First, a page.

Les Paul (born Lester William Polfuss on June 9, 1915), creator of the solid-body electric guitar, pioneer in modern recording techniques (electronic echo, studio multitracking) and guitarist extraordinaire has left our world today at the age of 94.
Paul had a full, fat life. Though he couldn’t stick around another century to further shatter and expand music as we experience it, his distinctive signature will continue to shape sound for years to come.
This would be a good time to watch or re-watch Chasing Sound, a fascinating PBS Documentary about Les Paul. Beyond the mind-boggling contributions to music Paul made with his Einstein-like genius inventions, what struck me most in this film was Les and Mary’s talk about the recording they did all over the house, including the kitchen. Not only did they describe nonstop creation, innovation and fun, but they also freely offered an intimate glimpse into the life and home of Les Paul, a man whose every breath and step was in tune with the everchanging pulse of sound.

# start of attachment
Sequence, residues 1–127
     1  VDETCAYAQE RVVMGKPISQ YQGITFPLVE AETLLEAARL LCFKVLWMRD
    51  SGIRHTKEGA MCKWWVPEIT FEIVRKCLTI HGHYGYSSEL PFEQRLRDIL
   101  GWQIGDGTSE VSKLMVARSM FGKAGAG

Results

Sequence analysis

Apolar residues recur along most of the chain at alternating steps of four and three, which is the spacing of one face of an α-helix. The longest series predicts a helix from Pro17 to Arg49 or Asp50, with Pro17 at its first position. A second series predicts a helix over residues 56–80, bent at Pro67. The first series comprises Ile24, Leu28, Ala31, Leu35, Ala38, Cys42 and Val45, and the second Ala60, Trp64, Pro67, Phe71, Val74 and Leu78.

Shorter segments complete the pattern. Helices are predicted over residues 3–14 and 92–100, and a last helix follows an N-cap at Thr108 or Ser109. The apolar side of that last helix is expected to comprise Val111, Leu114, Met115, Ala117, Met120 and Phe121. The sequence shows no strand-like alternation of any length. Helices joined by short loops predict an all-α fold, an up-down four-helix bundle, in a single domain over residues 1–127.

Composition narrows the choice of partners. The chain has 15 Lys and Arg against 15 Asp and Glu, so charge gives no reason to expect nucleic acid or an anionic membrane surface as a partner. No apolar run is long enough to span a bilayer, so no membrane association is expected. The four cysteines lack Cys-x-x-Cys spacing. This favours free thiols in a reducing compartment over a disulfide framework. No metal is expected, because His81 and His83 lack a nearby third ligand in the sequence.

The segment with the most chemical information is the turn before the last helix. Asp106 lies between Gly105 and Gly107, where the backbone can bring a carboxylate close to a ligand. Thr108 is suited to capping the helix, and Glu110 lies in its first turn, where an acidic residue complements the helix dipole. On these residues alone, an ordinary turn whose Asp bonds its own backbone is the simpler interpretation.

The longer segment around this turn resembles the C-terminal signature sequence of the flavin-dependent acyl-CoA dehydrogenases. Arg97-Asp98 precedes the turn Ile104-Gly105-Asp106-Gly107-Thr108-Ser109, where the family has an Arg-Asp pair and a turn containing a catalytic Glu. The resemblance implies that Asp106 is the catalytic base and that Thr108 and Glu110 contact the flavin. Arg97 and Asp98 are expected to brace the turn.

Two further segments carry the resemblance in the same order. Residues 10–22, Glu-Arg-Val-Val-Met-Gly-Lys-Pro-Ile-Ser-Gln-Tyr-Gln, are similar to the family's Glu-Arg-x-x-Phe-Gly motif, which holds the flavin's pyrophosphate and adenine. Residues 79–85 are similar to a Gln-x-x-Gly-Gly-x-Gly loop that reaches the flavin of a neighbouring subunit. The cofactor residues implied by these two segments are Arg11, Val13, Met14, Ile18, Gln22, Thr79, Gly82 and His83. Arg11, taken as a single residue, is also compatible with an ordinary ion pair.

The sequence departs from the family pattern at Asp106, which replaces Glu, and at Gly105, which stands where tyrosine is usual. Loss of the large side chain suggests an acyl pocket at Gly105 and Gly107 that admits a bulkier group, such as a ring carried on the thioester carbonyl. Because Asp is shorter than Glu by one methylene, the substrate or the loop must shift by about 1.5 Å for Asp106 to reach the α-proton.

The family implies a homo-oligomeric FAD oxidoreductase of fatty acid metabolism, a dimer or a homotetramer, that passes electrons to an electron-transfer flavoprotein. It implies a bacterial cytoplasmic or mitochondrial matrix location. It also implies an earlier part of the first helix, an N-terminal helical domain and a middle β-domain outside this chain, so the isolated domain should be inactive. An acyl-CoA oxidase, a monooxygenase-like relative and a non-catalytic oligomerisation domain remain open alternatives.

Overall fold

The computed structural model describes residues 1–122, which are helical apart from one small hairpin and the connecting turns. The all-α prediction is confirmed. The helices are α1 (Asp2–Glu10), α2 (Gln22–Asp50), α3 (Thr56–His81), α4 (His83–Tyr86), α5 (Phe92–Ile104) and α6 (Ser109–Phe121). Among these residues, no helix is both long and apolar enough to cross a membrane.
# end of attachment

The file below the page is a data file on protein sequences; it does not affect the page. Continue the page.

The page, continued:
From guitarist/producer/engineer Peter Malick: “When I was 15, I discovered the Les Paul guitar. At the time, Gibson had stopped making them. My first Les Paul was a 1955 Gold Top that I found in the closet of Suffolk Loan Jewelry and Pawnshop in Roxbury, Mass. It became the vehicle that energized my desire to really learn my axe. Quite simply, Les Paul was the Mad Genius of Music and Sound. Here’s the guy who pioneered multi-track recording, but wait, there’s more… He attempted to invent the electric guitar when he was a teenager. That was in the 1930′s. His first serious electric guitar design was laughed out of the Gibson Guitar headquarters. He had the last laugh when Gibson desperately needed to play catch up in the wake of the Fender Telecaster (then Broadcaster).